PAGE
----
Chart A2 shows the effect on consumer spending over the first three years of the simulation. With the non-anticipatory specification, consumption hardly moves in the first year until the tax increase is actually implemented (there is a very small movement due to the anticipatory effect on prices). By contrast, the forward-looking specification shows a fall in consumption of some 0.4 per cent in advance of the actual tax rise. After three years, the conventional specification still lags behind but has made up some three quarters of the gap. Table A1 gives more details of the simulation comparison, showing the short run effects for GDP and inflation, and also the more medium term implications.

It is important to note that the long run implications are identical by construction, showing a long run fall in consumer spending of just over 2 per cent after approximately five years. Two further points are worthy of emphasis; first, the forward-looking model does not display the instantaneous adjustment which occurs in many stylised rational expectations models, since the forward-looking behaviour arises precisely because consumers are assumed to be trading off their desired consumption to income ratio against their desired wealth to income ratio. Second, the simulations just described assume that the announced tax increase is completely credible. In practice, it may be more realistic to assume that consumers give only partial weight to the announcement of future policy. If so, the true simulation response should lie somewhere between the two shown; a more formal approach to the evolution of beliefs about future policy is given in Westaway (1992b).
Table A1.
changes are per cent differences from base unless otherwise

 Consumption Real GDP Consumer prices

Quarter 4 -0.83 -0.41 -0.05 -0.23 -0.02 -0.15
Quarter 8 -0.66 -1.04 -0.39 -0.57 -0.09 -0.34
Quarter 20 -2.00 -2.07 -1.12 -1.11 -0.56 -0.82

Note : BL denotes the simulation with the non-anticipatory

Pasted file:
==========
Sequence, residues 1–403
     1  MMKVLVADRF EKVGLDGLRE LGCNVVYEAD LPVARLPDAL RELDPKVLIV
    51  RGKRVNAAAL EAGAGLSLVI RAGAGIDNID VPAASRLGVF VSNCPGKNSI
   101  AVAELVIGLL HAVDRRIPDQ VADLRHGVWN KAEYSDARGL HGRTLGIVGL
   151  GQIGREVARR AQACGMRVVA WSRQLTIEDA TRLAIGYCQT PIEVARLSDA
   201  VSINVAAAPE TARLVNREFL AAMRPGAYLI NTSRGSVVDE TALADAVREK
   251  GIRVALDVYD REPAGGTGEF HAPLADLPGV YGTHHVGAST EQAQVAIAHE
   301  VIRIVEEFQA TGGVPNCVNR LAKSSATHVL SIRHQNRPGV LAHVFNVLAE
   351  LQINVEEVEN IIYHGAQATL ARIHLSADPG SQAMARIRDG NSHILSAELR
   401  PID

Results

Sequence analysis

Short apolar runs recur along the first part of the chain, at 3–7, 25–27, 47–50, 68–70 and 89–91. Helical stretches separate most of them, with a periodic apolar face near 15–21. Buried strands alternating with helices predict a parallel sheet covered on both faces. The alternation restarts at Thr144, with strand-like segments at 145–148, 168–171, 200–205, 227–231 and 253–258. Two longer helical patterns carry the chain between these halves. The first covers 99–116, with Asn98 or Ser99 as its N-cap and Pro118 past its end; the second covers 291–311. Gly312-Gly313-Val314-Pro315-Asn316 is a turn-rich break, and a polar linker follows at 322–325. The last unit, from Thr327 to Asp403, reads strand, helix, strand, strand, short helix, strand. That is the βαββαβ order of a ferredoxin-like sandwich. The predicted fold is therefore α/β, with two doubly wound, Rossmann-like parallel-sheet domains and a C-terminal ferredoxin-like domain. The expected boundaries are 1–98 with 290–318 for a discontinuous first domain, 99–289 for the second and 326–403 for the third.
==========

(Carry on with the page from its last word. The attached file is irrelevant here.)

consumption and FL the simulation with the forward-looking


Blake A.P. and Westaway, P.F. (1993), 'Why have UK consumption functions broken down?', National Institute Discussion Paper, New Series no.38.

H.M.Treasury (1992), HM Treasury Macroeconomic Model documentation, Public Model, December.

NIESR (1993), NIDEM: National Institute Domestic Econometric Model, August.

Westaway, P.F. (1992a), 'A simulation model of consumer spending and housing demand', National Institute Discussion Paper, New Series no.15.

Westaway, P.F. (1992b), 'A forward-looking approach to learning in macroeconomic models', National Institute Economic Review, May.

Box A. Modelling the Housing Market

An important factor in any assessment of the strength and durability of the economic recovery is the outlook for the housing market. Nominal house prices fell by close to 15 per cent between 1989 and the end of last year, implying a fall of nearly 30 per cent relative to prices more generally. As a result the latest estimates from the Bank of England suggest that over 1 3/4 million households currently have mortgage debts in excess of their property. In recent months house prices have begun to stabilise (at least in nominal terms), with the Halifax index showing a rise of 1 1/4 per cent in the second quarter of this year. In this box we summarise the updated model of the housing market recently incorporated into our domestic econometric model and discuss the prospects for house prices over the next two years.

The approach adopted in the model is to treat the average aggregate house price as a 'market clearing' price in the medium term. In the short-term the key factor behind any movements in prices is 'housing disequilibrium', the imbalance between long-run housing demand and present housing supply. Housing demand is driven by the expected costs of servicing mortgage debt, trends in owner-occupancy and consumers' expenditure (and therefore indirectly affected by more conventional factors such as disposable income and unemployment). Changes in the real value of housing supply largely depend upon the expected profitability of housebuilding and the expected cost of credit. Both sides of the housing market are considerably affected by changes in expected future real interest rates. Further details are given in NIESR(1993) and Pain and Westaway (1993).